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Reducing older people's risk of fraud victimization through an anti-scam board game.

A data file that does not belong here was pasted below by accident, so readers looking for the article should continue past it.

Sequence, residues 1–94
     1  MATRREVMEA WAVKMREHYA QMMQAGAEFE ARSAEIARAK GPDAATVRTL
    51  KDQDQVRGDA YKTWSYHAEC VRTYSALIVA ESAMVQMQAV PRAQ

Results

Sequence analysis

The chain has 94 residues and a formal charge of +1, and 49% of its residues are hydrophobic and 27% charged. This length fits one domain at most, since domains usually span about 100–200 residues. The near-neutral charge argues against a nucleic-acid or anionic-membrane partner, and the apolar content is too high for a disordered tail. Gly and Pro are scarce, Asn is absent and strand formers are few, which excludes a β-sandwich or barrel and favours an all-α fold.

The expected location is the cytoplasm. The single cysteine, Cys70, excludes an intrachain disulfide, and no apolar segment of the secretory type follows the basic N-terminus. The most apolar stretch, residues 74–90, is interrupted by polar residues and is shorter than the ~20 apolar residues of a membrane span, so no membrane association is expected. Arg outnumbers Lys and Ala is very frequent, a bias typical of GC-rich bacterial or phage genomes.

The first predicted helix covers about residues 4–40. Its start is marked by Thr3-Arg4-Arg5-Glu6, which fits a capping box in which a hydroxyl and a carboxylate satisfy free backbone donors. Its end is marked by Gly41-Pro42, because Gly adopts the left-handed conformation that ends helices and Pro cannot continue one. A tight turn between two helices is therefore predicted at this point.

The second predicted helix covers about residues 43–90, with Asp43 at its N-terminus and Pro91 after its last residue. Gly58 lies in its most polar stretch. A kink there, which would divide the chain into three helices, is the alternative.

This study adopted an experimental design to evaluate the effectiveness of an anti-scam education program for older adults. Participants in the experimental group ( n  = 55) first participated in an anti-scam board game and then joined another board game featuring local tea restaurants two weeks later, whereas such order was reversed for the control group ( n  = 54). Compared with the control group, participants in the experimental group reported significant increases in their self-efficacy in fraud prevention and awareness of scam situations, and a significant decrease in perceived susceptibility to scams immediately and two weeks after the intervention, demonstrating the immediate and the short-term effects of the anti-scam education program in reducing fraud victimization risk of older adults.

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